' Here is food, Sahib,' said the first man. . We have brought goat-brains and chupatties. It is not like the food of the officers' mess, but be pleased to eat it.'

He and his companions beamed upon the officers as hosts smile upon their guests, and noticing Mr. Luxford, one asked if the other Sahib would like food also. The Major said that the Sahib had already eaten and dismissed the food-bearers with polite thanks. They saluted and vanished in the darkness.

The subaltern produced a couple of tin tumblers, and filling one with the milk gave it to Luxford.

' It probably is sweetened already,' he said, and considerately forebore to add that a soldier had very likely stirred in the sugar with his forefinger.

* Excuse our eating,' said the Major; 'we have had very





little since breakfast, and we are pretty hungry. At least I am, and I suppose you are, too, Charles?'

· Deuce of a twist,' said the latter, as he fell upon the goat's brains and leathery chupatti.

Luxford watched them eating in astonishment. He would never have believed that officers of the British Army could consent to devour goat's brains at any time, still less when served in such an untempting fashion. Being himself full-fed he was inclined to be disgusted.

' By gad,' said the subaltern with his mouth full, 'I am mighty hungry.'

* This milk is really delicious,' said Luxford, cherishing the tin tumbler in both hands. “I had no idea that goat's milk was so good.'

' Depends how much you want it,' said the subaltern with laconic indistinctness.

'Well, I certainly was wanting it very much,' answered Luxford.

'I am very glad that we could do that much for you,' said the Major, whose sense of hospitality had now overcome his wrath. * But really, of course, you are making yourself particeps criminis in our extortions. But never mind; I'll not mention that to the Deputy Commissioner. Have some more, do.'

Luxford hesitated, but the spirit was stronger than the flesh, and he declined with many thanks.

'I must be going,' he said ; ' I suppose you won't both come and breakfast with me to-morrow, will you, at the rest-house?'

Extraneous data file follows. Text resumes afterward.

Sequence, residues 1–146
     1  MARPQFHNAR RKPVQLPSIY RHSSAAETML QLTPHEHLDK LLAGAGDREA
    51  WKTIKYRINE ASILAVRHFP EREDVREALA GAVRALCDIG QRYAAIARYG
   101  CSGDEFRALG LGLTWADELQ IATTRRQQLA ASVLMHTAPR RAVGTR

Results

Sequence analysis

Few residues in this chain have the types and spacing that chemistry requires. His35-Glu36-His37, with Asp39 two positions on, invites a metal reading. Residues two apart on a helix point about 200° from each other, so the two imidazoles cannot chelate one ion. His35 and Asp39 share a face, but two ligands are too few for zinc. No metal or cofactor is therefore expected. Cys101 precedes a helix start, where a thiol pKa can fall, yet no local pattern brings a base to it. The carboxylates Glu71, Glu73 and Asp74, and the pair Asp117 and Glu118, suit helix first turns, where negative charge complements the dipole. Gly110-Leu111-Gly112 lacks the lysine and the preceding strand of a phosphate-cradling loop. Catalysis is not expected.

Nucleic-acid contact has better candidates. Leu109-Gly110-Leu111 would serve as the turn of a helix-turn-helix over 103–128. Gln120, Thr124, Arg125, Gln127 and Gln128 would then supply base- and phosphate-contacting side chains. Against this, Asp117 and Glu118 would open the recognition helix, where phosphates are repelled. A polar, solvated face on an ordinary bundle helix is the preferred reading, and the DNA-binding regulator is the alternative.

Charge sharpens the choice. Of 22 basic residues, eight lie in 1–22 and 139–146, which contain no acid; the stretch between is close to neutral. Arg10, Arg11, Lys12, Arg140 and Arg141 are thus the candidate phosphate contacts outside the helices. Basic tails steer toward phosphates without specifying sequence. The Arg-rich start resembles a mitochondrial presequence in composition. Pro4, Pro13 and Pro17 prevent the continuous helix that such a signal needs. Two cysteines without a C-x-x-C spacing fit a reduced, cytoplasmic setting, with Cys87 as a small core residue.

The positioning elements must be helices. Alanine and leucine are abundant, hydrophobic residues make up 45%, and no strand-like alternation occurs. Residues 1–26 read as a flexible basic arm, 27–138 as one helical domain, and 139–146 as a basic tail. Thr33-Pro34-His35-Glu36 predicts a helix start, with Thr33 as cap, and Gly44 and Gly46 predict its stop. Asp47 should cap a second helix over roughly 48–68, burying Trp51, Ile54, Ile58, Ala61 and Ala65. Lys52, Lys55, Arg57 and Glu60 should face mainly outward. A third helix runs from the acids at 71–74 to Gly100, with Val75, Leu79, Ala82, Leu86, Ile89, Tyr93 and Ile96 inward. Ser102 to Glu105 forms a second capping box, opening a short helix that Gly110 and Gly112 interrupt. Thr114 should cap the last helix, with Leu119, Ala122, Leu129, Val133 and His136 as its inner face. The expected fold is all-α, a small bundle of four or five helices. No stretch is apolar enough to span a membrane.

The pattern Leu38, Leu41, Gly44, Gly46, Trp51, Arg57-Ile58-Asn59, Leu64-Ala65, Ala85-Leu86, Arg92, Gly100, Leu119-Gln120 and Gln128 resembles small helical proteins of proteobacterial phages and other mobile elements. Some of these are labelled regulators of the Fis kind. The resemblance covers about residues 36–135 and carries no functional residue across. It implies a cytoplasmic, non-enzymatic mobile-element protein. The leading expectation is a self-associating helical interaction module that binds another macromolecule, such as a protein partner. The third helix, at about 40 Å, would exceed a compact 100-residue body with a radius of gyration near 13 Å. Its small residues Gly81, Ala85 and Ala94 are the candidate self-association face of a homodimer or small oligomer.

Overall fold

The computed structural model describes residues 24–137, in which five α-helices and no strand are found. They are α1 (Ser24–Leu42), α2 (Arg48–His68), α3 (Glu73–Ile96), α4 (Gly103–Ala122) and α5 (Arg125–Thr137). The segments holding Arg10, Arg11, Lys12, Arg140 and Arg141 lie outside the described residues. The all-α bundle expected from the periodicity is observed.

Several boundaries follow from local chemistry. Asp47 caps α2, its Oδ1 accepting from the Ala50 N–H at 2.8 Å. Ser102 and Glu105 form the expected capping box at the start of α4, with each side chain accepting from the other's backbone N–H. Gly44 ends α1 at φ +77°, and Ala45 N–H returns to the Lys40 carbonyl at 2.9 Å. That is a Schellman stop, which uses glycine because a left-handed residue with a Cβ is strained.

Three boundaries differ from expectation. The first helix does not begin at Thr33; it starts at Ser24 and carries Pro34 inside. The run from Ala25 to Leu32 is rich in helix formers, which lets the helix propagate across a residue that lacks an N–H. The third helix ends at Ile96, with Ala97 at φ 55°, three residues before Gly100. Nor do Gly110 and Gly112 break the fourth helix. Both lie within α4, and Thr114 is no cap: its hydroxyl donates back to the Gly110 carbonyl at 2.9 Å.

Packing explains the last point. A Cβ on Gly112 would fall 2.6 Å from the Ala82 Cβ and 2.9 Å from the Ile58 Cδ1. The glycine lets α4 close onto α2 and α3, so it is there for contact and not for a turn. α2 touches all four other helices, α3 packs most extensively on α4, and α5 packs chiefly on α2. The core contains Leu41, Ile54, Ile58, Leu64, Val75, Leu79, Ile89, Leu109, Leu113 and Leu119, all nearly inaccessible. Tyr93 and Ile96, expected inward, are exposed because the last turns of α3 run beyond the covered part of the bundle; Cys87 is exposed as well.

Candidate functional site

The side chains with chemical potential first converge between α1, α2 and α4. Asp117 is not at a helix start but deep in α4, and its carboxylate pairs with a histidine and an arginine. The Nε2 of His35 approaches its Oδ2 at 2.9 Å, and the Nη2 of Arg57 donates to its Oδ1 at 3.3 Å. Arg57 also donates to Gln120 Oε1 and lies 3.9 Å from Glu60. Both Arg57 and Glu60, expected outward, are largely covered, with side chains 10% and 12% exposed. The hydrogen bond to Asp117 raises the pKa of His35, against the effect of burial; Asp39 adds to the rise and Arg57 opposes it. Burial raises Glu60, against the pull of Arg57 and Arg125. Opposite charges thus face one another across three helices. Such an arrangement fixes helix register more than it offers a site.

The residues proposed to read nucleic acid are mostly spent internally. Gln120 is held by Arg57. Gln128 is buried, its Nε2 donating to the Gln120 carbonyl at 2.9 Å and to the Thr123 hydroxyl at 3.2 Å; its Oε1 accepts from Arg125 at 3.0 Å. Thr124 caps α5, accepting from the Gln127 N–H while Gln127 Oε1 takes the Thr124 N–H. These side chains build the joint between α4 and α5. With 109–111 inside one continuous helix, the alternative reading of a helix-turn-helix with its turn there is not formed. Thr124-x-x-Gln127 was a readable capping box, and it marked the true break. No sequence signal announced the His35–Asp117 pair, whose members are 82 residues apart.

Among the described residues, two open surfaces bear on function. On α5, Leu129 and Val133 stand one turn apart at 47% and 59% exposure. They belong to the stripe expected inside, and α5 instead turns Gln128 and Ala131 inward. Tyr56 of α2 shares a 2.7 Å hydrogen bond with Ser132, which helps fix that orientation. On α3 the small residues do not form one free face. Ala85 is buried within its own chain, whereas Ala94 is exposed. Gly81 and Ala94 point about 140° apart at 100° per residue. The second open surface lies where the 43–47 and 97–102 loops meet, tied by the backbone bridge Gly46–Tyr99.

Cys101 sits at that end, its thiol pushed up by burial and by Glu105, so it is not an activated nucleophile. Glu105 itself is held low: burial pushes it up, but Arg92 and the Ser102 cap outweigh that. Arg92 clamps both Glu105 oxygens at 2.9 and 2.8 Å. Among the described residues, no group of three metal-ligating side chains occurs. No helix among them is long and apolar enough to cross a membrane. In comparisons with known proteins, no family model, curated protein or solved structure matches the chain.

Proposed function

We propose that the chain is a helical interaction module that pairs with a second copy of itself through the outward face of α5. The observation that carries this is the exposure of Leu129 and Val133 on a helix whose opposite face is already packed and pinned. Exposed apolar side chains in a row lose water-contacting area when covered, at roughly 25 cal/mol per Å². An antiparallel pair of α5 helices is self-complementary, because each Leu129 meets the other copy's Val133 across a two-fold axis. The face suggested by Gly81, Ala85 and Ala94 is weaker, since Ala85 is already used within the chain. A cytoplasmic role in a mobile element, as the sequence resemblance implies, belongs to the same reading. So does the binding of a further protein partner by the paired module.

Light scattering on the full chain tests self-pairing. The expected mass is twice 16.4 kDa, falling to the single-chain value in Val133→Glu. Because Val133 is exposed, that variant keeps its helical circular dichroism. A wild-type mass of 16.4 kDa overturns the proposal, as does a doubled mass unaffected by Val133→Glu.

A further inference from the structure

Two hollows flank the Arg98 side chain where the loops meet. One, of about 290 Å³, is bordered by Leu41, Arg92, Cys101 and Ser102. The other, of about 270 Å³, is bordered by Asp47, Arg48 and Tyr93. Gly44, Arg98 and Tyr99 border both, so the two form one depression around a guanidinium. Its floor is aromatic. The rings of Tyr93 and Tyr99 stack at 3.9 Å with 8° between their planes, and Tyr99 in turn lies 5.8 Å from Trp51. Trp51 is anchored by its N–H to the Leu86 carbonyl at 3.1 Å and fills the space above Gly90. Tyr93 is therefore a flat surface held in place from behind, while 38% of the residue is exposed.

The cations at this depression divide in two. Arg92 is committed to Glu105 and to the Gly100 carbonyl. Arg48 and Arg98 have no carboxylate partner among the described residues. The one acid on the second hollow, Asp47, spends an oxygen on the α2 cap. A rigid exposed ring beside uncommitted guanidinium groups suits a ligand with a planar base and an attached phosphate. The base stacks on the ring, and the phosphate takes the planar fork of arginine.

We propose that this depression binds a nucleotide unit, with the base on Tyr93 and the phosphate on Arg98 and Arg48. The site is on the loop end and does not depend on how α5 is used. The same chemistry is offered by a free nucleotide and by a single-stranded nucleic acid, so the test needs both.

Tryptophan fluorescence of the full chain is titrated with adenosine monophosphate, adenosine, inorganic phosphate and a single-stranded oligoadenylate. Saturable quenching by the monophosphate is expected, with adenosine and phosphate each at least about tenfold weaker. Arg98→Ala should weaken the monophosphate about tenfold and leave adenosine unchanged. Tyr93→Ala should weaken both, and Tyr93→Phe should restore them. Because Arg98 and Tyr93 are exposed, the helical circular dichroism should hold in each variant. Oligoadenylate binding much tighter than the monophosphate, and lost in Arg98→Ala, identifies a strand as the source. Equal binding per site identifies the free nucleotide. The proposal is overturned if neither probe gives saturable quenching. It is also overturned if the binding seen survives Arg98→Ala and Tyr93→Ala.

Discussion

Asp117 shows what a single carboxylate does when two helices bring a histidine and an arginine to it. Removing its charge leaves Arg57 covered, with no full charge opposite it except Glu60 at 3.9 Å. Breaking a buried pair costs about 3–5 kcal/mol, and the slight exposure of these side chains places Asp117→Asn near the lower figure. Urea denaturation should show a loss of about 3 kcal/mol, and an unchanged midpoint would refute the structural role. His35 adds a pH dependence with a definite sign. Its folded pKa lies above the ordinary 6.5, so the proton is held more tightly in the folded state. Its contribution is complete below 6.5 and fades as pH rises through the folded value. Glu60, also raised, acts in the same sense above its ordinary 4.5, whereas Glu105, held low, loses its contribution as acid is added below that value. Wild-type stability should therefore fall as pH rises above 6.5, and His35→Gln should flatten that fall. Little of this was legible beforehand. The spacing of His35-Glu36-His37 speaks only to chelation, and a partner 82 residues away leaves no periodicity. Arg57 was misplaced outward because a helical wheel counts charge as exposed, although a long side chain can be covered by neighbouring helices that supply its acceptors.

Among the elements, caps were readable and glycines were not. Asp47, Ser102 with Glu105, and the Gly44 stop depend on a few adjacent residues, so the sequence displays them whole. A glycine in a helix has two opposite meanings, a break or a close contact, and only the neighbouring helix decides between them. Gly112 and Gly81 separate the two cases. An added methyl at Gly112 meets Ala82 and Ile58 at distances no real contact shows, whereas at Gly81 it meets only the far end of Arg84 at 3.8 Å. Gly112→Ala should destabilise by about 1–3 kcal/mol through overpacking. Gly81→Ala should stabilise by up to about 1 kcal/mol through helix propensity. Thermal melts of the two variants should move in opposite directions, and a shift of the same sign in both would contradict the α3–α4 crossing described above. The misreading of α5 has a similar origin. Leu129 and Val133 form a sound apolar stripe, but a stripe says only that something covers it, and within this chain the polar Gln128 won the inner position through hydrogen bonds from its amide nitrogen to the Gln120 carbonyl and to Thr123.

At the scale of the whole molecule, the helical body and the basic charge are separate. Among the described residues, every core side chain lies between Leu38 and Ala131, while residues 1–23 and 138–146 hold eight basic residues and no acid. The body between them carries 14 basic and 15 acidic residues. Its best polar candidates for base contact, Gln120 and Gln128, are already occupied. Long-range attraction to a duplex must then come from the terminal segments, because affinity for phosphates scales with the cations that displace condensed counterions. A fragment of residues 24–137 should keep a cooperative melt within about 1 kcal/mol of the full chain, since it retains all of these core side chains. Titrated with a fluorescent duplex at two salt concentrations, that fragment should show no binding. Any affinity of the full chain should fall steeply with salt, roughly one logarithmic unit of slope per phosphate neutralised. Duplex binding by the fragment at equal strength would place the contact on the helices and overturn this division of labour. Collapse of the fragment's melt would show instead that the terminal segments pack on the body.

Thanks very much; we should like to,' said the Major; ' that is, if you will give it us pretty early. We ought to march at 8 o'clock.'

The time was agreed upon, and the two officers escorted Luxford from camp and put him on the track to the village. After leaving them he was nearly ridden down by a camelorderly, whose mount emerged from the darkness with the lurching, silent, suddenness characteristic of the beast. The camel-orderly had come from cantonments and had brought, amongst other correspondence, the English mail for the officers. Taking their letters they began to read them by the light of the fire, newly stoked for the purpose.

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‘By George if that isn't a funny thing,' said the Major presently.

* What? 'asked the subaltern, looking up from a letter which, judging by his seraphic smile, must have been written by some feminine charmer overseas.

Talk about coincidences,' said the Major.
What about 'em?'

* Why, here's a letter from a friend of mine at home, mentioning a globe-trotting M.P. called Luxford—that was the chap's name, wasn't it?—and asking me to be kind to himsays he is somewhere in our part of India.'

• That's a darned rum start. Well, you have been kind to him, Major; at least I have. It was my glass the little beast drank out of. Still, it licks cock-fighting all the same.'